Trans-Pacific Partnership Negotiations Face Tighter Timeline as Talks Continue
Trade ministers announced that they will continue negotiations over several unresolved provisions of the Trans-Pacific Partnership (TPP) during a four-day meeting in Maui, Hawaii that concluded July 31. Trade ministers representing the 12 Pacific Rim countries included in the free trade deal remain optimistic about negotiations and said in a joint statement that they are “more confident than ever that TPP is within reach.”
One of the major sticking points reportedly centers around intellectual property protections for biologics. The U.S. reportedly attempted to secure 12 years’ data protection for pharmaceutical companies, while Australia is insisting on five years. Observers suggest the agreement will fall somewhere between five and seven years’ data protection. U.S. stakeholders concerned with a deal that only includes five years of data protection could threaten to round up enough opposition in Congress to stymie the deal.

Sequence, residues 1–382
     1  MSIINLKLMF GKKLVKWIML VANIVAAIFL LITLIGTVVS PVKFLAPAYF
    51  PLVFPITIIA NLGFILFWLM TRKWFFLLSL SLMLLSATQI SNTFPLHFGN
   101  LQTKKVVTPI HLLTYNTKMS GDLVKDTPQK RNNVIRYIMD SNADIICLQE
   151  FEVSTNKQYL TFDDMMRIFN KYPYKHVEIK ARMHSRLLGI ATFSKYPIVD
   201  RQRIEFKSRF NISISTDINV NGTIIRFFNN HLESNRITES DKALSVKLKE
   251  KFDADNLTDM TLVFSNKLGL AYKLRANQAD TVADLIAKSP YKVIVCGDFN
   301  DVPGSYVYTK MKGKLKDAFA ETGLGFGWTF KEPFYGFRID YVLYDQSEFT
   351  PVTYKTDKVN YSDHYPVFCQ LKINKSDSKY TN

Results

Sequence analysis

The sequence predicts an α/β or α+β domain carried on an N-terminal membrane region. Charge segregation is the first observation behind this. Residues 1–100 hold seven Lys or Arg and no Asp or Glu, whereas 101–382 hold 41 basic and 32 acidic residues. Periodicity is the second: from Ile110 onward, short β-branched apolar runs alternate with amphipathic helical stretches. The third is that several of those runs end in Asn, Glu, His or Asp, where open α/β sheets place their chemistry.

Other points of contention arose over agricultural issues and the auto industry. The U.S. is pushing for greater access to Canada’s dairy market, but Canada is concerned that could cause instability in its prices. Australia is seeking increased access to the U.S. sugar market, while the U.S. is trying to limit large increases in sugar imports. Meanwhile, the U.S., Canada, Mexico and Japan are hashing out “rule of origin” and other auto industry issues.
Once all 12 trade ministers agree to a deal, Congress will have 90 days to review and approve it. If talks continue beyond August, pushing the review period deep into the fall or winter, the deal is likely to become front and center in the U.S. presidential campaign. Democratic front-runner Hillary Clinton would face intense pressure from labor unions to disavow the deal, along with the 28 House Democrats who supported legislation to fast-track passage of the agreement. It could also become a problem for Canadian Prime Minister Stephen Harper, who is up for re-election in October.
The TPP will govern foreign exports, imports, and investment implicating several major sectors of the U.S. economy, including manufacturing, intellectual property, textiles and apparel, telecommunications, agriculture and others. It will also cover labor, employment, and environmental issues. The TPP will initially cover 12 countries: Australia, Brunei, Canada, Chile, Japan, Malaysia, Mexico, New Zealand, Peru, Singapore, the United States, and Vietnam. Collectively these countries represent 40 percent of the global economy.